In a letter sent today, U.S. Senators Susan Collins (R-ME) and Angus King (I-ME) urge Secretary of Defense Chuck Hagel to use the flexibility afforded in recently signed legislation to further minimize the furloughs of Defense Department personnel or to avoid them altogether.
As the Senators write in their letter, some military services or Defense Department components have identified cost-efficient and effective ways to avoid furloughs, yet the Pentagon is considering requiring all Defense Department agencies and components to implement across-the-board furloughs. If the Secretary of Defense would allow flexibility rather than a "one-size-fits-all" approach, the number of furloughs at facilities such as the Portsmouth Naval Shipyard in Kittery and the Maine National Guard could potentially be reduced to zero. In addition, Senators Collins and King urge Defense Department entities, such as the Defense Finance and Accounting Services, which has a facility in Limestone, to further scrutinize its budget to meet the sequesterbudget targets while avoiding furloughs.
Senators Collins and King have been working together to express deep concern over the impact that sequestration would have on national security, including the defense industrial base in Maine, and our nation's fragile economic recovery.
Last month, Senators Collins and King supported passage of the Consolidated Continuing Appropriations Act for the remainder of Fiscal Year 2013 that contained a full-year funding bill for the Department of Defense and gave the Pentagon more flexibility in its budget.
Below is the full text of today's letter to Secretary Hagel:
Dear Secretary Hagel:
Thank you for your response to our March 28, 2013 letter in which we urged you to use the flexibility afforded to you in the Consolidated and Further Continuing Appropriations Act, 2013 (P.L. 113-6) to minimize the furloughs of Department of Defense (DoD) personnel or to avoid them altogether. We appreciate your announcement that the maximum number of days that DoD civilians may be furloughed has decreased from 22 to 14 days for the remainder of the fiscal year as a result of the passage of this bill, which we both supported.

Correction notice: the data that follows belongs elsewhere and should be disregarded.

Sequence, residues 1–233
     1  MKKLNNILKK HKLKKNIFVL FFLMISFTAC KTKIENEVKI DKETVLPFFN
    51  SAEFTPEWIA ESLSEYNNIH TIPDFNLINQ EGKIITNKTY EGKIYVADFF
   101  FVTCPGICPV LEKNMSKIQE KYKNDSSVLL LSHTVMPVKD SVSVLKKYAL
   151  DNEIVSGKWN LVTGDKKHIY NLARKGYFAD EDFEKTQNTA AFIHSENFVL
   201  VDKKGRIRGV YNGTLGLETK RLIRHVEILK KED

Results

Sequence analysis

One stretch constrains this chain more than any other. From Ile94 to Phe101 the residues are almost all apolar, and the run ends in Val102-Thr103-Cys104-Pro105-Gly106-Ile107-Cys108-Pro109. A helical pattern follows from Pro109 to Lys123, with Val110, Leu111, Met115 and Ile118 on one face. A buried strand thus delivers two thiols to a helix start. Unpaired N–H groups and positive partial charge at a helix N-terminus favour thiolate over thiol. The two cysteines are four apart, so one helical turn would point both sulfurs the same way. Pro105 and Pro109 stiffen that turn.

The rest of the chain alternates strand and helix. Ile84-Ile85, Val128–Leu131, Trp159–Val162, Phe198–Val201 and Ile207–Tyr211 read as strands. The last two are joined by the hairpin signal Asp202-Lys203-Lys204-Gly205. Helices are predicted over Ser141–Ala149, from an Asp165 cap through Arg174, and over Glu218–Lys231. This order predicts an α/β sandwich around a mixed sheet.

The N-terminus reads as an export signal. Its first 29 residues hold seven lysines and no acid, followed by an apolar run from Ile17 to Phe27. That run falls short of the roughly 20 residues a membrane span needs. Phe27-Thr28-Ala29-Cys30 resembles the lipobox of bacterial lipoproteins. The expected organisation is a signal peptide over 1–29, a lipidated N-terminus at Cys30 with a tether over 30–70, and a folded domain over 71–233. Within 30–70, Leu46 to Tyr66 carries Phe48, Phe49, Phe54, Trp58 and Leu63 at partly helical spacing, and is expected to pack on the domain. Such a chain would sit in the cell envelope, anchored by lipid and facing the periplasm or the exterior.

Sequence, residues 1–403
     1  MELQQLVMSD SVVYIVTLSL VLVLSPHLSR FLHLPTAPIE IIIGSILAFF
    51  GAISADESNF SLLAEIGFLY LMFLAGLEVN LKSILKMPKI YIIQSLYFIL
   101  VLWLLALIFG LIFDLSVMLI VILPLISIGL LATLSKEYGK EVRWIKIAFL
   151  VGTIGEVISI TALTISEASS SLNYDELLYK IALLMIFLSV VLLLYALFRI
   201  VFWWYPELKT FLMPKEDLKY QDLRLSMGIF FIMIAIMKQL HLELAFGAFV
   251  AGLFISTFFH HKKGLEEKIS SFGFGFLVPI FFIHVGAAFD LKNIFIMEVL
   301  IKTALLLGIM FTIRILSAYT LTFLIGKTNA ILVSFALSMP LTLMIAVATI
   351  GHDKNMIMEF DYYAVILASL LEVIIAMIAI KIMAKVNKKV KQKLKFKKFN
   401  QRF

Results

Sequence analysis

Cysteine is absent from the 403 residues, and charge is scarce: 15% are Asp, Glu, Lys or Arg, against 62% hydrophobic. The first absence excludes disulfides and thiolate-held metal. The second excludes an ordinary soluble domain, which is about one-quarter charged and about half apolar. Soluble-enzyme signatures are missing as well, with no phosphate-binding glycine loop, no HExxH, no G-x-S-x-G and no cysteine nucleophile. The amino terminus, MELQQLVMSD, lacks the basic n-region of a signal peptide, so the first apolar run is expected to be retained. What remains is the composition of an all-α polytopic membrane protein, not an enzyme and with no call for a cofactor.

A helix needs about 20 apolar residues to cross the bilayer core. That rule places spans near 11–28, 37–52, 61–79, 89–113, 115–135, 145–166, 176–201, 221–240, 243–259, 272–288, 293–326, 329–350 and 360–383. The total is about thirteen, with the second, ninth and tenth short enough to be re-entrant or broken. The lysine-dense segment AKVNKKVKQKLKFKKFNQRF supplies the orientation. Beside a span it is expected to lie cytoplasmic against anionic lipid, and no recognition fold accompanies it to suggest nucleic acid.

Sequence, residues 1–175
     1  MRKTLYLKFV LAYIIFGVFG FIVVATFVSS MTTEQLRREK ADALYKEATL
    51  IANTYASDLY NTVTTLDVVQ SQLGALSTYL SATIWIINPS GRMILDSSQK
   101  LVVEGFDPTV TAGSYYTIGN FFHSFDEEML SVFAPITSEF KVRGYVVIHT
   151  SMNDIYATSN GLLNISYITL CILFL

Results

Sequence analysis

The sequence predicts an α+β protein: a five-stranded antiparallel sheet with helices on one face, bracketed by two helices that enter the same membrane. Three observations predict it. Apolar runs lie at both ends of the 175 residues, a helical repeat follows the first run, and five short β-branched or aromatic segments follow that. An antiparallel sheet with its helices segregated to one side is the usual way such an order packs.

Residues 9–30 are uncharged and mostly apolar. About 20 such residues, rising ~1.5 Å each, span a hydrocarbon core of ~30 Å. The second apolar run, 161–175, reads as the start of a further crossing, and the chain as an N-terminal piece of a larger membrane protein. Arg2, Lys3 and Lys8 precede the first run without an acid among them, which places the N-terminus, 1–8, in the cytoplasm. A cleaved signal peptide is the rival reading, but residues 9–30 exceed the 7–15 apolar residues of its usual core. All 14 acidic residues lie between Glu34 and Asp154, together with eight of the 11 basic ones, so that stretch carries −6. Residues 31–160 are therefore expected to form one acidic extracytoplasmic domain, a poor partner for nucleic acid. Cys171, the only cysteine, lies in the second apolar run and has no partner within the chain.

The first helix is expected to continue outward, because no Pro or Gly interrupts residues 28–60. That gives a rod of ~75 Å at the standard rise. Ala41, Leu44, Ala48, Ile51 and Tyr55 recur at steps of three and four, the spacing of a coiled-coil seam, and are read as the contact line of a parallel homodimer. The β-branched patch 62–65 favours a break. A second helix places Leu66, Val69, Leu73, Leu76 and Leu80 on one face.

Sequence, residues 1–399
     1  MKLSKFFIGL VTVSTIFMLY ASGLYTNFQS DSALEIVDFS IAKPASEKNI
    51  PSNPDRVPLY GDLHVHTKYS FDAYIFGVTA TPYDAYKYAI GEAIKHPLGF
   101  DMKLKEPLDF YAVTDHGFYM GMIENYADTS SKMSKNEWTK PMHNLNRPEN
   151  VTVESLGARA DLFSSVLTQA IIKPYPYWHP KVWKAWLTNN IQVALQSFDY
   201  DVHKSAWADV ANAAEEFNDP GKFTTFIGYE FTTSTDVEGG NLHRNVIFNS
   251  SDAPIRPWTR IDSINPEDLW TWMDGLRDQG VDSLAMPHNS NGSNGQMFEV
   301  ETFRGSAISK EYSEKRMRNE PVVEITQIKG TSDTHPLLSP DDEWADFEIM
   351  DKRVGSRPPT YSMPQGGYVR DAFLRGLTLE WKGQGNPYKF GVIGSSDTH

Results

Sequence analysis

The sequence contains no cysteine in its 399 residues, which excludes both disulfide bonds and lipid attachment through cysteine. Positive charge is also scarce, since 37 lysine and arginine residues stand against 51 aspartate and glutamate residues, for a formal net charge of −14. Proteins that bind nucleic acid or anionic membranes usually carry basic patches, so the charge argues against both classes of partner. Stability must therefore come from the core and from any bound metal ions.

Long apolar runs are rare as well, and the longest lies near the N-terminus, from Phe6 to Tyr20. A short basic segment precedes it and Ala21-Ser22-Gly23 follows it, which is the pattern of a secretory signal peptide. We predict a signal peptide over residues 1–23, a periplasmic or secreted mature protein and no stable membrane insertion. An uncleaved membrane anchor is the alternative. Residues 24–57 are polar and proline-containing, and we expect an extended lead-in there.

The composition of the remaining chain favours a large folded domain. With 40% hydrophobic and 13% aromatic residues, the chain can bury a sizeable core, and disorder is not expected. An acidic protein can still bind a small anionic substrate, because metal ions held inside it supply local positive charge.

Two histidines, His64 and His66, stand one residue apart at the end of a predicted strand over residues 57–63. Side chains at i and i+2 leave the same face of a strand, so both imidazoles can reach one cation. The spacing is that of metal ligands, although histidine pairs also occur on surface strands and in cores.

As we stated in our first letter, the costs of furloughs are real, and it would be a mistake to overlook these costs. We understand that the Department of the Navy, the National Guard Bureau, and some defense components of the Intelligence Community have all reached the same or similar conclusions and have plans to meet their budget targets in fiscal year 2013 while avoiding furloughs. For example, in operations as diverse as ship repairs at Navy public shipyards to the deployment preparation of National Guard units, furloughs could cause more harm than any cost savings reaped from them. The National Guard's 53,000 military technicians, more than half the Guard's full-time force, are the effective equivalent of the uniformed personnel in the Active Duty component that you have already exempted from budget cuts, which is one reason why the National Guard Bureau would prefer to find budget savings from other sources to protect dual-status technicians.
In spite of this strong evidence, we understand that one course of action remaining under consideration would require all DoD agencies and components to implement identical across-the-board furloughs, even if the military services or DoD components have identified more cost-efficient and effective ways to eliminate the readiness budget shortfalls for the remainder of fiscal year 2013. According to a DoD Comptroller budget briefing provided to the Appropriations Committee last week, an across-the-board approach to furloughs would be based upon principles of consistency and fairness, in part because there are some places, such as the Pentagon in Washington, where multi-force workforces are co-located. We also understand there may be some concerns regarding potential legal action if furloughs are not equitable across every military service and DoD component.